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How do teachers feel about wearing masks to teach?

(80 Posts)
windyautumn Mon 31-Aug-20 19:34:28

Been reading a lot about this today and it feels like it won't be long before masks are mandatory in schools which is probably the best thing all round for suppressing transmission.

I was curious about how teachers feel about the practicalities of wearing a mask more and more (especially as it's all been about children currently!).

If it was mandated, how do you feel about teaching for hours with one on? Do you feel you can connect with new classes and students if everyone has a mask on? How will you overcome communication barriers with SEN students etc

I'm a speech therapist so I worry about SEN children but I'm particularly worried about voice misuse for the teachers!

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Railingsohno Mon 31-Aug-20 19:39:58

I couldn’t do it. I’d feel faint. Acoustics are bad enough as it is in my school. I’m following guidelines and socially distancing where I can from pupils. I do go and help them but keep it as quick as I can and use technology to demo/ get feedback. Still figuring it out but apart a large class of 17 year olds in a pretty much unventilated room I feel ok so far.

Icedteaplease Mon 31-Aug-20 19:40:42

I am currently pregnant and find masks make my breathlessness worse. I imagine I would actually be exempt and would probably need to not wear one as I struggle to breathe if I wear one for any longer than about 15 minutes. My voice is sore today just from teaching 7 classes so I can't imagine how difficult it'd be if I was wearing a mask.

FinnyStory Mon 31-Aug-20 19:41:46

I wore a mask for an hour for a manicure today. I was gasping for a drink by the end of it. They seem to suck all the moisture out of me. To do that whilst trying to keep a class engaged and on task?

Librarybooksandacoconut Mon 31-Aug-20 19:48:03

I’m really worried about this happening. I teach EAL pupils 1:1 or in small groups and have had to wear a mask once (at the insistence of the class teacher). It was awful. It’s hard enough for children who are learning English to understand their teacher, but when you remove facial expressions and muffle your voice they struggle even more and effectively become excluded from the learning (particularly if they are doing whole class work). I hated it - it’s one thing to wear it in the supermarket or bus for an hour where you’re not really having to talk much but a completely different thing having to continually talk at volume for 6 hours. I actually felt quite panicky after only 20 minutes and I’m normally fine wearing them.

MissClarke86 Mon 31-Aug-20 19:53:01

I wouldn’t mind and would do it, but in terms of actually teaching young children particularly would find it very hard to understand us fully without being able to see our mouth. The few shops/cafes I’ve been in I’ve found myself having to shout to be understood because in environments with low level background noise it’s hard to hear properly without lip reading.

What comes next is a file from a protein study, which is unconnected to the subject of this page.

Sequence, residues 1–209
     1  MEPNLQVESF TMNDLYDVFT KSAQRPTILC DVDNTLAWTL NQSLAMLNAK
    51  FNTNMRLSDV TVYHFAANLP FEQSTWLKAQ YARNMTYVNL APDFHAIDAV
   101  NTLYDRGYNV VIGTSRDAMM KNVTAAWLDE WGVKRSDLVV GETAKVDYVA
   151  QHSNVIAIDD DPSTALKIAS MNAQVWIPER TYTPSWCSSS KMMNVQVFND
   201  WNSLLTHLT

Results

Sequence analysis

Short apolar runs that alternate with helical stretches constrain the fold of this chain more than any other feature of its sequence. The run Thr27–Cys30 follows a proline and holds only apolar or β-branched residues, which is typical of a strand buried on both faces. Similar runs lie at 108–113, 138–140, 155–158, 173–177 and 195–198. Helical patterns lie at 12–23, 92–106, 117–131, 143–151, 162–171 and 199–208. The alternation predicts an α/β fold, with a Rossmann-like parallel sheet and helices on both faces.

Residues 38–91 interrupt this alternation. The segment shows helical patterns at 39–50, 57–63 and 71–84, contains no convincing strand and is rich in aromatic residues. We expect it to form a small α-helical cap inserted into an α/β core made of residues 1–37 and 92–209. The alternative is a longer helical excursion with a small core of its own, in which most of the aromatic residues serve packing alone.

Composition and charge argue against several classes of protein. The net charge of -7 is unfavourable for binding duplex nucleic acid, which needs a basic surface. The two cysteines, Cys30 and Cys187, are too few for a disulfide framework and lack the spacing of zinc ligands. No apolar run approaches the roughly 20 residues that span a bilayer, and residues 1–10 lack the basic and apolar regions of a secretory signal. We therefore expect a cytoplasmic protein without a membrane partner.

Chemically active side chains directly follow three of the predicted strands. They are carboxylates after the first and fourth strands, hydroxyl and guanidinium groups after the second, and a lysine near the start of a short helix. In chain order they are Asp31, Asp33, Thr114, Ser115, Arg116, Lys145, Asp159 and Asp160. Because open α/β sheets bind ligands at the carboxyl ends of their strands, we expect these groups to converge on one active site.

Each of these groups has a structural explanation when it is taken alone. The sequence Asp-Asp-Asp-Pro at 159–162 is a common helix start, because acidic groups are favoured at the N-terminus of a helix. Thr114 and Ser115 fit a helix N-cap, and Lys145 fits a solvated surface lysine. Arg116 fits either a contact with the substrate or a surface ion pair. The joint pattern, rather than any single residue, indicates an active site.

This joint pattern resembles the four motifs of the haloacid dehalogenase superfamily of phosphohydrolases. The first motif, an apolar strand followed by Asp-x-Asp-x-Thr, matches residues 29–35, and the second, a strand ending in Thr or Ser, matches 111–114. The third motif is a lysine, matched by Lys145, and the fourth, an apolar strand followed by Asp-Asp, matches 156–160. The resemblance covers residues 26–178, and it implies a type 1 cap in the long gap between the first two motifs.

We’d be better with visors maybe, but I’m aware they’re less useful without masks underneath.

TheFallenMadonna Mon 31-Aug-20 19:54:17

Pretty sure I'd be fine with it. The more I wear one, the comfortable with it I am.

DeepTreacle Mon 31-Aug-20 19:55:43

My husband teaches at secondary and he is not in favour of teaching in a mask

Jenasaurus Mon 31-Aug-20 19:57:54

A friend sent me this about masks, and it is an eye opener

www.youtube.com/watch?v=SrPCgh4UkAU

Frlrlrubert Mon 31-Aug-20 19:58:49

No problem for me, but screens/visors might be better for any pupils with hearing loss or other communication needs.

CarrieBlue Mon 31-Aug-20 19:59:01

Wouldn’t bother me. I’d prefer not to, but then I’d prefer not to be in a pandemic. One of those things to suck up and get over.

nutellatoast Mon 31-Aug-20 20:01:54

In terms of how I would cope, I don't think I would. I struggle wearing one for 10 minutes going into a shop. I just find them so hot, and hard to breathe in. In terms of communication when teaching I would find it really difficult as complicated information is hard enough to get the kids to understand as it is. So much would be misheard. I would also need to shout to make myself properly heard by all the class which would be exhausting and make it even hotter and hard to breathe in.
I am happy to wear one in communal areas like corridors but hoping not to wear one in classrooms or my office. I would be happy to wear a visor.

ConfusedPanda Mon 31-Aug-20 20:02:13

I'd hate it, I'm really worried it will become mandatory. I'm still on maternity leave at the moment so at least I don't have to worry about it for a few more months.

monkeytennis97 Mon 31-Aug-20 20:03:18

Fine. No problem.

itsgettingweird Mon 31-Aug-20 20:08:38

FinnyStory

I wore a mask for an hour for a manicure today. I was gasping for a drink by the end of it. They seem to suck all the moisture out of me. To do that whilst trying to keep a class engaged and on task?


They make me thristy too!

I brought a sports bottle with the straw thing that flicks up and drink via the bottom of the mask!

No idea if this is recommended!

I would do it if needed. But we are special and so do go outside frequently and can remove them for this. So I guess my situation is different.